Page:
This 'Shogun' series comes with a highly impressive 1080p HD transfer presented in 1.33:1 aspect ratio. I couldn't have asked for a better transfer and better looking image, even if I offered one million dollars. Everything looks great here. You can tell that a good amount of time and love went into remastering and cleaning up this 34-year old show. The detail looks amazing with excellent closeups that reveal individual facial hairs, wrinkles, and makeup that you could never see before. There is also a great bit of depth in this new transfer in the wider shots, giving us a great image.
Don't worry, the series doesn't look digitally cleaned. It still has that amazing filmic look with a very nice and balanced layer of grain. There are a few shots throughout the series that look softer than others, but that's due to the original source, and not this amazing transfer. The colors are perfectly saturated and simply pop off screen. The skin tones are very natural and black levels are deep and inky at all times. There are some specks that pop up here and there, but they are gone in a flash, and the major problems such as dirt, banding, aliasing, and other issues have been taken care of. This video presentation is outstanding.
This release comes with a very good lossless DTS-HD 5.1 audio mix in English as well as several 2.0 audio tracks in English, German, Japanese, and French. The 5.1 track is definitely the way to go, but for you purists out there, you'll find that the 2.0 tracks provide good sound. But with the 5.1 mix, we have a more full bodied sound that echoes through the rear speakers, which puts us in the center of the conflicts of the show. That being said, this audio track isn't as good as the above video presentation, but then again, the audio technology 34 years ago wasn't as good.
The dialogue is always crystal clear and easy to follow, but at some points there are a few muddled lines. And some of the sound effects sound like they were indeed made in a studio, and not real, but hey, it was 1980. The sound effects rarely travel to the rear speakers, but when they do, they sound very good, and it's mostly during the sword fighting battles, where the 5.1 really takes shape. The score never drowns out the dialogue or the sound effects, but it always sounds odd and misplaced in relation to what's going on in the show. The LFE is very good and the dynamic range is fairly wide. By no means is this a demo worthy audio presentation, but it's a solid one, considering the source material.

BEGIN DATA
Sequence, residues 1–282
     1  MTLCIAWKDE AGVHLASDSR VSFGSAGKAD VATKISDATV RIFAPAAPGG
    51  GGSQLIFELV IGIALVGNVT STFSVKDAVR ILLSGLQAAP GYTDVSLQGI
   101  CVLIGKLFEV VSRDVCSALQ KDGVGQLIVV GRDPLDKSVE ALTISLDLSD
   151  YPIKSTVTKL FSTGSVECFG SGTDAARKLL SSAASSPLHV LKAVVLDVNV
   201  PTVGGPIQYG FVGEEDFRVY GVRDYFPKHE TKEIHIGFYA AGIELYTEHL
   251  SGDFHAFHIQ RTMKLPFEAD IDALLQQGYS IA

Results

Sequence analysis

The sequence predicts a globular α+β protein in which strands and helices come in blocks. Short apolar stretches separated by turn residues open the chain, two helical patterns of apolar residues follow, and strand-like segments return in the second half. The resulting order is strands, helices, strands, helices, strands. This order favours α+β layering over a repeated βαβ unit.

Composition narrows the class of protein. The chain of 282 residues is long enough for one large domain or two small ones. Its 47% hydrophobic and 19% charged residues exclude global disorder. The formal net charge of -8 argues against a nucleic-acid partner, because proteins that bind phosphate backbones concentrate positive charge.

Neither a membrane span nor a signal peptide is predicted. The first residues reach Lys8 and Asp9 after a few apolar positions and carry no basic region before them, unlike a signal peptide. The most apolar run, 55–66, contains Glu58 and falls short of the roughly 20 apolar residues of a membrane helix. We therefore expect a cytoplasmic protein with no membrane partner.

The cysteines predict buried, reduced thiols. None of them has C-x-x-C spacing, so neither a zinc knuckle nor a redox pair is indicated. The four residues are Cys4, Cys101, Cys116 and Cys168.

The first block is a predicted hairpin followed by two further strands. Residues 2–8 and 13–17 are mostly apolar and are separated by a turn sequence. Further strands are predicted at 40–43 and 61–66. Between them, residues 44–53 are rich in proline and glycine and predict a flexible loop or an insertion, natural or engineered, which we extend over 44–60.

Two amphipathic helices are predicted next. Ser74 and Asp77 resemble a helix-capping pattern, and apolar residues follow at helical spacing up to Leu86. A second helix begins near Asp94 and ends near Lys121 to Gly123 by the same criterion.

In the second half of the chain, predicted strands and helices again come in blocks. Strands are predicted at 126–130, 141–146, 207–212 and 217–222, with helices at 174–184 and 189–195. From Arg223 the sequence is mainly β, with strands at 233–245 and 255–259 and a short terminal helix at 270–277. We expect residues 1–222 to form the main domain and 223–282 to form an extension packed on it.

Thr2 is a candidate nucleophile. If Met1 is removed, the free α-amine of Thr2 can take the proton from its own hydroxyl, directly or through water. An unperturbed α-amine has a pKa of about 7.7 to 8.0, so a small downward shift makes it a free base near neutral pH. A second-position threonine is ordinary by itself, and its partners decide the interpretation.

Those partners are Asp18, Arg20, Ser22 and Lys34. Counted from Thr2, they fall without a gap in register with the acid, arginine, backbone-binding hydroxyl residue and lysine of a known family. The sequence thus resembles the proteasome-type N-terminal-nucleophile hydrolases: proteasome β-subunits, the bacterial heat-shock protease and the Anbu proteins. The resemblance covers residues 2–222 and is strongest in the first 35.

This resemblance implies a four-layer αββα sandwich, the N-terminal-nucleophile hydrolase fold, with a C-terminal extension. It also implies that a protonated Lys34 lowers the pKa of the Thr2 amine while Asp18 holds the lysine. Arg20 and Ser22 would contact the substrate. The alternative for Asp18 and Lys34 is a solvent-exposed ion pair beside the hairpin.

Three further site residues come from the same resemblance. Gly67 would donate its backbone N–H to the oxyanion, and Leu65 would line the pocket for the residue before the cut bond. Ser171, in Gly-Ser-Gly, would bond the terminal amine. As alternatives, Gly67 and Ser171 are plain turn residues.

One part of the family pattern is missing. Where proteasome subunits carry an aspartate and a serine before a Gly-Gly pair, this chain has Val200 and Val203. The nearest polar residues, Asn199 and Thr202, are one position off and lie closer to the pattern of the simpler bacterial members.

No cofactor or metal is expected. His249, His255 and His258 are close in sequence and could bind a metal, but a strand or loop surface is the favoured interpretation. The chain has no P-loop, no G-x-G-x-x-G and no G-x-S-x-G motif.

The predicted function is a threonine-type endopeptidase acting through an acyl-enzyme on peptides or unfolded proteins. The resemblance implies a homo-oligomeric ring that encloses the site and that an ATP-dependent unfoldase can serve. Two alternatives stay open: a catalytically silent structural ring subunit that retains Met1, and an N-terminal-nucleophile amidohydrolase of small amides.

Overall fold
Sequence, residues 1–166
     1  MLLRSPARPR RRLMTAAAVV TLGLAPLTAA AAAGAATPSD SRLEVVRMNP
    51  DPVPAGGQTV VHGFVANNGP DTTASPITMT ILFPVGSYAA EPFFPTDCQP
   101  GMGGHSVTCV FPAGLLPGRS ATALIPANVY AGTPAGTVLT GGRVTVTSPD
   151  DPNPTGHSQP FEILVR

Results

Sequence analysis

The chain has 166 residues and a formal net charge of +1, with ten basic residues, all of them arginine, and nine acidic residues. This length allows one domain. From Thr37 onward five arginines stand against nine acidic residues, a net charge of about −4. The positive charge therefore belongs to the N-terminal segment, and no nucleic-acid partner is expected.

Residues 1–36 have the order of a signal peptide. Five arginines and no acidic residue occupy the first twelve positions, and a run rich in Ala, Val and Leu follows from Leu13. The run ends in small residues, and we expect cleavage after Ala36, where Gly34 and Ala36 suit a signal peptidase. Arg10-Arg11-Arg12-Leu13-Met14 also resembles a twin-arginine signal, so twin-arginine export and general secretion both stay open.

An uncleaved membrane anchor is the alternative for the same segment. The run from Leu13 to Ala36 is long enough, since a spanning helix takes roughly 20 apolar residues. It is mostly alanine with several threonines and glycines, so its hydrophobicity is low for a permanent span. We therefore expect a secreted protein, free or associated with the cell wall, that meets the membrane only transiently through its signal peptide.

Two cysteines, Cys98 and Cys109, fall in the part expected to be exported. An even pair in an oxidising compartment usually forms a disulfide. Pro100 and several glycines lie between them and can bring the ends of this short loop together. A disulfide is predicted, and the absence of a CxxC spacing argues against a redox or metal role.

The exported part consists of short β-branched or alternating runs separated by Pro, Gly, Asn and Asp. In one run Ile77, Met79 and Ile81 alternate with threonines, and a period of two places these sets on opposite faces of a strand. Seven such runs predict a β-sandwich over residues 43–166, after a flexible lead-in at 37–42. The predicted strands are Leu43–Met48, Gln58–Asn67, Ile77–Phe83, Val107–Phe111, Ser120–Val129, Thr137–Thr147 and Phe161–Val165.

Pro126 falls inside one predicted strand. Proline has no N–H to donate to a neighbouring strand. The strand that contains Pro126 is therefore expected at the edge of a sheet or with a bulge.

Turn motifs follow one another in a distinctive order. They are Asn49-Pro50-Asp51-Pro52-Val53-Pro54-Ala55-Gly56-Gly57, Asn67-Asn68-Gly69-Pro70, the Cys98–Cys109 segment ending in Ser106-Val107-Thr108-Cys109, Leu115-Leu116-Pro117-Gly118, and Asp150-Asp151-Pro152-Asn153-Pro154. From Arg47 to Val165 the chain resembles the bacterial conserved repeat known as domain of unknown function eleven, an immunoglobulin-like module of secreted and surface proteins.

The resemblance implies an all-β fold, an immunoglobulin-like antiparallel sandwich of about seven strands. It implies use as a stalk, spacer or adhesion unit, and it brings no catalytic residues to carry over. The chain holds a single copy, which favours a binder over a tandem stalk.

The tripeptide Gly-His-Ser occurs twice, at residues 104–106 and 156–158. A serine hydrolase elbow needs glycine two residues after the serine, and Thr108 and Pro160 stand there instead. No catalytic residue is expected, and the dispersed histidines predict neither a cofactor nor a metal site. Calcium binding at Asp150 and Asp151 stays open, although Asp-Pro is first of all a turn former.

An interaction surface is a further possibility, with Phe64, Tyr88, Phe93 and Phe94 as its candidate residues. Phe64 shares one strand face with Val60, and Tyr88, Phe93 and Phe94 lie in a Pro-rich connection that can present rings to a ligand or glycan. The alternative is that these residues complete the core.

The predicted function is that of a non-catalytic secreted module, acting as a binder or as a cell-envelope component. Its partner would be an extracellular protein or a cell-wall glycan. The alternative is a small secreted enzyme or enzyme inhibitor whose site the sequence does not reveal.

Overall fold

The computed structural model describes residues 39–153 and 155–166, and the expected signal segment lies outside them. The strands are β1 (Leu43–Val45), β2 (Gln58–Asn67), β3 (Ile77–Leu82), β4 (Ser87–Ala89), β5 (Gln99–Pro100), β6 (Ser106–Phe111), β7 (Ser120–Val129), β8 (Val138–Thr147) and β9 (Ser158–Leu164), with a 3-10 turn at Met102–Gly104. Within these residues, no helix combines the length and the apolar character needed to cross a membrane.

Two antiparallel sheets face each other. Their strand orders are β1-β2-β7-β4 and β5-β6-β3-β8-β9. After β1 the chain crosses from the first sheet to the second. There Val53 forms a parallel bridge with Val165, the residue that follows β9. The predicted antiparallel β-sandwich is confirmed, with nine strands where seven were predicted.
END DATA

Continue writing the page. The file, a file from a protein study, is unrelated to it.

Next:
The Making of 'Shogun' (SD, 80 mins.) - Here is an in depth look at the making of 'Shogun' in 13 sections. The cast and crew from the original series all discuss different aspects of making the show, including the casting, the culture, the tone, the art, editing, the origins, and more. It looks like some of these interviews were cut short for timing. Hopefully one day we will receive the full interviews.
Historical Perspective Featurettes (SD, 15 mins.) - Two professors from the University of Hawaii discuss the 17th century Japanese culture that was shown in the series, including Geishas, samurais, and afternoon teas.
Select Scene Audio Commentary - Director Jerry London provides seven short commentaries on seven different scenes (not episodes) of the show. I'm not sure why he wouldn't have wanted to do an entire episode or the entire series, but maybe they're holding out for another edition. In these short commentary tracks, London provides some specific information on how the scene was shot and some fun stories from the set. I just wish there was more of this.
James Clavell's 'Shogun' television series looks incredible on Blu-ray. It's the best it has ever looked, and they did an excellent job remastering the audio portion too. And yes, the show still holds up 34 years later. It still has the power to captivate the veteran audience as well as new audiences who are interested in the Japanese sword fighting genre. Sure, there are some dull moments, but the sets, writing, acting, and cinematography are all top notch here. And the extras are definitely worth watching. I know it's a higher price than normal, but it's definitely worth the buy. Highly Recommended!